Control and Prevention of Iron Deficiency Anemia in Children Aged 6 -12 Months

Main Article Content

Busaba Autthawee Autthawee
Bampen Phongphetdit


This research aimed to 1) study the situation of anemia in children aged from 6 to 12 months, and 2) compare hemoglobin levels before and after implementation of an iron supplementation program . The sample consisted of 566 children, both male and female, age 6-12 months and 566 parents, who came to the well-baby clinic in 2018. The sample was divided into experimental and control groups, with 283 children in each group. These children were clients of the health promotion hospitals in region 5, in 2018. The program includes blood tests, evaluation of anemic condition and the administration of iron supplements. The instrument used for collecting data were a parent interview form and blood hemoglobin test. Data analysis included descriptive statistics and t-tests. The results found that children aged 6 and 9 months had an anemia rate of 16.9 % and 23.3 %, respectively. When taking iron supplements, the rate of anemia decreased to 13.4 % and 18.5 %, respectively. The parent’s knowledge of the intake of iron supplements was at a moderate level. The results from this study can be applied to adjust the policies of anemia screening system in well-baby clinics, and the development guidelines and advanced warning technologies such as mobile phone alerts to parents or the use of multimedia to give information.


Download data is not yet available.

Article Details

How to Cite
Autthawee บ, Phongphetdit บ. Control and Prevention of Iron Deficiency Anemia in Children Aged 6 -12 Months. NJPH (วารสาร พ.ส.) [Internet]. 2020 Apr. 30 [cited 2022 Jul. 1];30(1):82-93. Available from:


1. Health Technology and Policy Assessment Program (HITAP). Report on policy review of health promotion and disease prevention among children aged 0-5 years in Thailand. February 2012.

2. World Health Organization. Iron Deficiency Anemia Assessment, Prevention and Control A guide for programme managers. Geneva: World Health Organization. 2001.

3. Prateep M, Chongsuwat R, Saliphan S, Lertlakanawong P. Thailand food and nutrition survey report No. 5, 2006. Nonthaburi: Division of Nutrition, Department of Health, Ministry of Public Health. 2006. (in Thai)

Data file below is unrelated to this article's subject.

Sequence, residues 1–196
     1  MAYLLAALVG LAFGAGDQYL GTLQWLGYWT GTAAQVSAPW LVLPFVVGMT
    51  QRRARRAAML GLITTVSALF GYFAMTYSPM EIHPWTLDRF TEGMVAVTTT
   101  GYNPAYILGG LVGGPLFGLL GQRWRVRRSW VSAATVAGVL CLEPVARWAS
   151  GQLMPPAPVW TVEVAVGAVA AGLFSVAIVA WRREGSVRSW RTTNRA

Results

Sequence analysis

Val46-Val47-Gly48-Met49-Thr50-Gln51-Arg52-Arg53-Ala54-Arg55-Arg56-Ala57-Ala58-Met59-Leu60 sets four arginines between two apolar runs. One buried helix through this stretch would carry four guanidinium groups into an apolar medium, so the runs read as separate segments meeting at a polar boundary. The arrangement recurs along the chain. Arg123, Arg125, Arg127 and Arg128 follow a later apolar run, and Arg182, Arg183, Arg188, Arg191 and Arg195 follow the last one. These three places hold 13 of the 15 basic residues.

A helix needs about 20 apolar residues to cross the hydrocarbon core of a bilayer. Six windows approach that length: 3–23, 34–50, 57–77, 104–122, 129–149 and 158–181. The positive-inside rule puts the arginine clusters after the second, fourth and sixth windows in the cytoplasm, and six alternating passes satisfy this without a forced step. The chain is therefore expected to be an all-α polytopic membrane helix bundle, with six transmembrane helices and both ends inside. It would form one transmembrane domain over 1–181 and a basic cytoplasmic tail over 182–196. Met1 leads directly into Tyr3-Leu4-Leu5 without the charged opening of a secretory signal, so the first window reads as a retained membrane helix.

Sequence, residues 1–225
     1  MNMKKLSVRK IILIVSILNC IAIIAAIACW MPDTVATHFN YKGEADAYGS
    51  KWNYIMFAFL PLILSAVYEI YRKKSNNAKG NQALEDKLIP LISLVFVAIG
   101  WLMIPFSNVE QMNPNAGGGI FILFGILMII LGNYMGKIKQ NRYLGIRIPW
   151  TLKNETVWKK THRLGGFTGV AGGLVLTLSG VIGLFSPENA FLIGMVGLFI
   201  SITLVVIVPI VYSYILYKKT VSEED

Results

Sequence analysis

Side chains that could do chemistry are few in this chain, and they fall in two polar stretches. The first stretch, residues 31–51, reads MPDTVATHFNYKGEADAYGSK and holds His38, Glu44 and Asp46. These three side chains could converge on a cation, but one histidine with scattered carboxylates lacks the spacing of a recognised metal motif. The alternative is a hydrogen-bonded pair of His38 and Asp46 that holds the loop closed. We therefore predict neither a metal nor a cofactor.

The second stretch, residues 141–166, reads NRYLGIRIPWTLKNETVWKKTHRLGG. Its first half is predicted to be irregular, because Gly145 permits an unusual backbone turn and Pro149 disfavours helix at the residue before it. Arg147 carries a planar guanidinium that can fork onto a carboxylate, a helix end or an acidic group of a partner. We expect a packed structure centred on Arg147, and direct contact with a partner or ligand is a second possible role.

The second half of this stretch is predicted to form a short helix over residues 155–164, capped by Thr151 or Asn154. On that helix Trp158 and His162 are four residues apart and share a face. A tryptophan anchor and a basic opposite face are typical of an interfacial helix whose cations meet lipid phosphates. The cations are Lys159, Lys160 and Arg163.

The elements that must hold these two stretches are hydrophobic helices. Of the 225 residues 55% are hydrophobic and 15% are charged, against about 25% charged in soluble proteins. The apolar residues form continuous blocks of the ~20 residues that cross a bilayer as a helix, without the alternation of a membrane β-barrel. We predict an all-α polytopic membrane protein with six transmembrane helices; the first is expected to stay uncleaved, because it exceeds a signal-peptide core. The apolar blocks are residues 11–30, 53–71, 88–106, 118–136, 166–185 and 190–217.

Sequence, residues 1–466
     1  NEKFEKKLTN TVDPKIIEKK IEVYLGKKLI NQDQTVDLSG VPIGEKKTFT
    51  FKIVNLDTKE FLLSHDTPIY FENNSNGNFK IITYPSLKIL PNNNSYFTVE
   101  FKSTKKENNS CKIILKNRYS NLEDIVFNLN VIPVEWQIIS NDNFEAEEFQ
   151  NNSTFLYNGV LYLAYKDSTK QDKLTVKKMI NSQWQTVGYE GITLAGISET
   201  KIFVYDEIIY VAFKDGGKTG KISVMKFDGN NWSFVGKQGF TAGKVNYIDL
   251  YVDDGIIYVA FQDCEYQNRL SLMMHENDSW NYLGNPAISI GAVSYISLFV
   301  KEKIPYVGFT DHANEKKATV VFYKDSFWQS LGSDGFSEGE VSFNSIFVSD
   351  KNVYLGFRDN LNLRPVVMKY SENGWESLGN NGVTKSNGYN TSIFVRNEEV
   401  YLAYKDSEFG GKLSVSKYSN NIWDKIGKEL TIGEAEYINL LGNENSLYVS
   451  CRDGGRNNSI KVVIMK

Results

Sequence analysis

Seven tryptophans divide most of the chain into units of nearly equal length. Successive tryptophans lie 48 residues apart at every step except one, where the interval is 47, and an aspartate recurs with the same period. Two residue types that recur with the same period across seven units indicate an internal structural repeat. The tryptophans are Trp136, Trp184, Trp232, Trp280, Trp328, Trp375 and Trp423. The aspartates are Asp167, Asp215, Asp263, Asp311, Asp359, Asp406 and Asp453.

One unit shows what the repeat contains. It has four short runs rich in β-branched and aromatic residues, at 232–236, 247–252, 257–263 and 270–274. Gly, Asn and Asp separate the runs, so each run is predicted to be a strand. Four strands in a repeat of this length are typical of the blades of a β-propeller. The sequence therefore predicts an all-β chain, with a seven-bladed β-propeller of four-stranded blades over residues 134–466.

4. Susantitaphong P. Hemoglobin, embryonic red blood cell to help diagnose iron deficiency in Healthy children aged between 6 months to 2 years old. [Thesis certificate showing expertise in Practice medicine Pediatrics]. Bangkok: Chulalongkorn University. 2011. (in Thai)

5. Sookdee J, Wanaratwichit C. Factors affecting iron deficiency anemia among pregnant women receiving antenatal care at sub-districts health promoting hospital. Journal of Health Science Research 2016;10(1):1-7. (in Thai)

6. Viriyautsahakul N. Guidelines for control and prevention of iron deficiency anemia. Nonthaburi: Bureau of Nutrition, Department of Health, Ministry of Public Health; 2013. (in Thai)

7. Deejuthamanee R, Moonrattana A, Arunakul J, Poyam W, Empremsilapa S. Effectiveness of weekly iron supplementation to prevent iron deficiency anemia in secondary school students. VAJIRA NURSING JOURNAL 2018;20(2):13-21. (in Thai)

8. Mongkhonporn W. Situation and results of treatment for anemia in good child health clinic- hospital. Promote health. Health Center 5 Nakhon Ratchasima 2013:15-33. (in Thai).

9. R. Colin C., Joseph L. J., Matthew J. et al. (2010). Iron deficiency anemia and cognitive function in infancy. Pediatrics 2010;126(2):427-434. (in Thai)

10. Tantrachewathorn S, Lohajaroensub S, Incidence and risk factor of iron deficiency anemia in term infants. J Med ASSOC Thai 2005;88(1): 44-51. (in Thai)

11. Leandre R. Fabrigar, Tara K. MacDonald, Duane T. Wegener. The Structure of Attitudes from: The Handbook of Attitudes. [internet]. 2019 [cited 2019 May 20] Available: